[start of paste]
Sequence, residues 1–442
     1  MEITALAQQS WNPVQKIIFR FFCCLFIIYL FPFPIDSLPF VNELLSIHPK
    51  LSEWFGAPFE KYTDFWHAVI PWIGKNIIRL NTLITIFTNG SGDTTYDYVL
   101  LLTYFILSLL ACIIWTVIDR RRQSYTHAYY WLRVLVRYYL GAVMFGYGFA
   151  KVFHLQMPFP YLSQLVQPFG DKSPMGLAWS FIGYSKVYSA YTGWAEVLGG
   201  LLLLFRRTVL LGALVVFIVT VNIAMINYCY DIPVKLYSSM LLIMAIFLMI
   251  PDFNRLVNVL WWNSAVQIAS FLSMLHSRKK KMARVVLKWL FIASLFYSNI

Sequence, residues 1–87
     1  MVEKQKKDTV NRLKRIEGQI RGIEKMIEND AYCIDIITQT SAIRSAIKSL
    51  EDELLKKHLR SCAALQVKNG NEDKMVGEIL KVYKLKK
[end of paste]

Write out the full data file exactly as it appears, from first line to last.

Sequence, residues 1–442
     1  MEITALAQQS WNPVQKIIFR FFCCLFIIYL FPFPIDSLPF VNELLSIHPK
    51  LSEWFGAPFE KYTDFWHAVI PWIGKNIIRL NTLITIFTNG SGDTTYDYVL
   101  LLTYFILSLL ACIIWTVIDR RRQSYTHAYY WLRVLVRYYL GAVMFGYGFA
   151  KVFHLQMPFP YLSQLVQPFG DKSPMGLAWS FIGYSKVYSA YTGWAEVLGG
   201  LLLLFRRTVL LGALVVFIVT VNIAMINYCY DIPVKLYSSM LLIMAIFLMI
   251  PDFNRLVNVL WWNSAVQIAS FLSMLHSRKK KMARVVLKWL FIASLFYSNI

Sequence, residues 1–87
     1  MVEKQKKDTV NRLKRIEGQI RGIEKMIEND AYCIDIITQT SAIRSAIKSL
    51  EDELLKKHLR SCAALQVKNG NEDKMVGEIL KVYKLKK